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Building Resilience In Our Children

As the weekend approaches and I ready our gear for an overnight hike, my thoughts are with the excited girls who went off to school this morning longing for the time we pick them up and head off into the wilderness.

It started young with our girls. Few hours spent outdoors exploring built into day hikes and now their bags packed for the 2 days that we hit the trail.

To lead by example, to live our values and develop these attributes within our children build resilience, it builds spirit.

We each have a set of values that determines the choices we make. When we act in accordance with our values and beliefs system, we are happy content and open to a world of possibilities. As a parent, it’s our responsibility to build humans that soon enough venture off into the world as young adults.

It’s critical that we develop and serve as role models so that they have the skill set to be strong, kind and courageous individuals. Their future depends on this.

For Shannon and I; we take great responsibility in demonstrating how to be truthful, courageous, creative, persistent and caring. This often involves pushing, driving, inspiring and empowering our girls to be the best versions of themselves.

Our way of achieving this is through our actions. We live our values and to share our passion and experiences on the trails with our children is important to us.

To these young girls, it’s an adventure. It’s exciting and new. This is how we deliver these crucial lessons and hopefully build strong and capable, caring and kind humans, with a big serving of fun!

Shannon and I raise our girls with a sense of adventure, to appreciate the outdoors and to build resilience, mental toughness through challenging our bodies and minds. Learning to accept the elements and sit (or hike in this case) with it. Be comfortable with the uncomfortable. This reflects across into other areas of their lives, building resilience and fortitude.

It does require some forethought, some planning and plenty of snacks to encourage them at times on the demanding trail, but they are the better for it.

Have you explored with your children? Whether it’s a bushwalk or overnight hiking, there are some simple solutions to ensure a good time is had by all. Who knows they may even enjoy it!


Who doesn’t love a good trail snack? Kids are more motivated to reach that next checkpoint or lookout location if they are motivated or rewarded with food. Hiking is a high energy activity so they will want some goo fats- nuts are best. Okay, chocolate too!! Try jerky, muesli bar and banana are great options.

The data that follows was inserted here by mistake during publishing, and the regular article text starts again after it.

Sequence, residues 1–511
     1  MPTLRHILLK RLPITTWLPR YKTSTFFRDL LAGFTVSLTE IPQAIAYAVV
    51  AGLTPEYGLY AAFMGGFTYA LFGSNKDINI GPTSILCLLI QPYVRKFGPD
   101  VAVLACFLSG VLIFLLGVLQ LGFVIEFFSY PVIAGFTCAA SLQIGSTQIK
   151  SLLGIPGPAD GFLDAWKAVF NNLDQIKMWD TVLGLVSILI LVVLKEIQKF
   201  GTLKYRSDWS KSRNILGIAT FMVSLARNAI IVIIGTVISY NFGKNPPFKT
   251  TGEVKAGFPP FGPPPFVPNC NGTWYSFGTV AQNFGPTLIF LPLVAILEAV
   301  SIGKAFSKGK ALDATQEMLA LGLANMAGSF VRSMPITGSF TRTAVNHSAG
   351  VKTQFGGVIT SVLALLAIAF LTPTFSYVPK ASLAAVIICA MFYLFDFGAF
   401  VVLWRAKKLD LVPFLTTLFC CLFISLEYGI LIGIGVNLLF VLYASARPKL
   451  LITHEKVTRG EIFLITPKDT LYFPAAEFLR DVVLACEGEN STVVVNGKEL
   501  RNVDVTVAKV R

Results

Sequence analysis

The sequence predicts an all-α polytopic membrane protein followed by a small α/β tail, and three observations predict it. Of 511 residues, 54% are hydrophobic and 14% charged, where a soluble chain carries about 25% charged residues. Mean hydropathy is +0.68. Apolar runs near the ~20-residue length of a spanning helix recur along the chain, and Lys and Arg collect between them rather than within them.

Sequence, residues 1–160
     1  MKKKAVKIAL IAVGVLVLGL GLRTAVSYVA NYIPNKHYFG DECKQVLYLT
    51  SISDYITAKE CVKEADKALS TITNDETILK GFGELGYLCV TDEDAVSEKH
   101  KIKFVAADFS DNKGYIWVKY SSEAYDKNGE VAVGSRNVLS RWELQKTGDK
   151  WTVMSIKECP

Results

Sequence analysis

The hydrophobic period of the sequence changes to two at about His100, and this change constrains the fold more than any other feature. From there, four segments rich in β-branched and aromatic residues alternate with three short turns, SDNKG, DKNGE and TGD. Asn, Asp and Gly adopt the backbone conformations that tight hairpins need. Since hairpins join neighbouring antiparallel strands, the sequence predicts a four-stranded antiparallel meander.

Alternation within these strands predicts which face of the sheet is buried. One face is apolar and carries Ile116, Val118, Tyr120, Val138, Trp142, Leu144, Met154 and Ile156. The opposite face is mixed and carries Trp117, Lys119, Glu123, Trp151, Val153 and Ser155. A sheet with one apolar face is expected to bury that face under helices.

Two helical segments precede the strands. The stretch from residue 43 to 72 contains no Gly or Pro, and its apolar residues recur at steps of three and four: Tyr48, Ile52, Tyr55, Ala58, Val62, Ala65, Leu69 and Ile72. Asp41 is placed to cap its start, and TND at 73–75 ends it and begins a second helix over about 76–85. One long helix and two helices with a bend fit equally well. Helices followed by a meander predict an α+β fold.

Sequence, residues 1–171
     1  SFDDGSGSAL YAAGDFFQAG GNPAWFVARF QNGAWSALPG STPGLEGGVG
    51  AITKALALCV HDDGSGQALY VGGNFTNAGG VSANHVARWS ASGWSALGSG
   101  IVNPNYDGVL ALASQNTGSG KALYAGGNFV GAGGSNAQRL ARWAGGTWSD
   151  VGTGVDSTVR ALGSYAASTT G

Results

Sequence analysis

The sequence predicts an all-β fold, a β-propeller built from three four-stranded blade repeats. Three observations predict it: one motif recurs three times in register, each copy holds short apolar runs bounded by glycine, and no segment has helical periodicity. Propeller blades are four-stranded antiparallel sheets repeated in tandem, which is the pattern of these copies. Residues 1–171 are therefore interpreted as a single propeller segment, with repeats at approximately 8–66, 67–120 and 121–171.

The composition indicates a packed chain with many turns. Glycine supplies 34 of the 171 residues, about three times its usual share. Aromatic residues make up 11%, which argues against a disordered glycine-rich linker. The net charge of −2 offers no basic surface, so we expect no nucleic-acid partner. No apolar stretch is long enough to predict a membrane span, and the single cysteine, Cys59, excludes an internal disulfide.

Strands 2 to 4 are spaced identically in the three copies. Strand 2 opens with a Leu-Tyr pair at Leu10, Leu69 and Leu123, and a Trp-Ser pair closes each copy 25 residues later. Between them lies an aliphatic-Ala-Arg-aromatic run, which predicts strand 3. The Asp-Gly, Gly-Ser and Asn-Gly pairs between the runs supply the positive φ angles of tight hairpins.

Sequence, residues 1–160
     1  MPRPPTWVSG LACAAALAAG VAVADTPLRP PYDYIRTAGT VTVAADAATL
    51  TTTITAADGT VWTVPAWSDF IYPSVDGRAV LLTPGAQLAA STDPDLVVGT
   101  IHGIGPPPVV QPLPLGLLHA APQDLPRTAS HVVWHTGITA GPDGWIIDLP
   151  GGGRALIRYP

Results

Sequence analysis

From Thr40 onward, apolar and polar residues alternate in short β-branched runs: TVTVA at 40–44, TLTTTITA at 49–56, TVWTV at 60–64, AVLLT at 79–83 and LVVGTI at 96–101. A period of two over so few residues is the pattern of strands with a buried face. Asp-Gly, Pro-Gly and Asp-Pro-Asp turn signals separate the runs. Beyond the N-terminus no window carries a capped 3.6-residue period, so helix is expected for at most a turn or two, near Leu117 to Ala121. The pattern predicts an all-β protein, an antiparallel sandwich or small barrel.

Have the kids play spotto – or the whole family too. Ask them what they can hear and have them listen to the different sounds of wild animals. How many different animals can they see or hear? Create or download a scavenger hunt and have them tick off the list as they find them. Games will keep their mind busy and inject some extra nature fun.


Make sure you get adequate rests stops. They only have little legs and depending on how far and fast you are walking, their little legs may be struggling to keep up with yours. With enough rests you will be surprised by the kilometres they can cover in a day.


When hiking, regardless of weather, make sure you layer your clothing. Whilst you are walking you will want to shed the layers but as soon as you stop the chills set in. Making sure everyone is comfortable will make the adventure more enjoyable. If the kids are carrying a pack, make sure it is fitted well as to avoid backache. Shoes are important too. A comfortable pair of runners will do the job.


When the children have the option where to explore, it creates more of an incentive to get outdoors. Do they love the beach? The tall trees of a forest or waterfalls? There are many places to explore that offer a plethora of wildlife and natural beauty. To drink from a waterfall, skip stones across the water and to discover what is around the next bend, is exciting for kids of all ages.

The natural environment creates a wonderful playground for all ages. A simple way to anchor both children and adults alike in Mindfulness practice, try the following when you are outdoors exploring;

5 things you can see

4 things you can touch or feel

3 things you can hear

2 things you can smell

1 thing you can taste.

By grounding our senses in the natural environment, we are connected to the healing power of nature.

If you're new to hiking and keen to explore, Holistic hikes run monthly kids hikes that create a fun, interactive, nature adventure.

Next hike – holistic for details.

Where will you be exploring this weekend?

Amanda x


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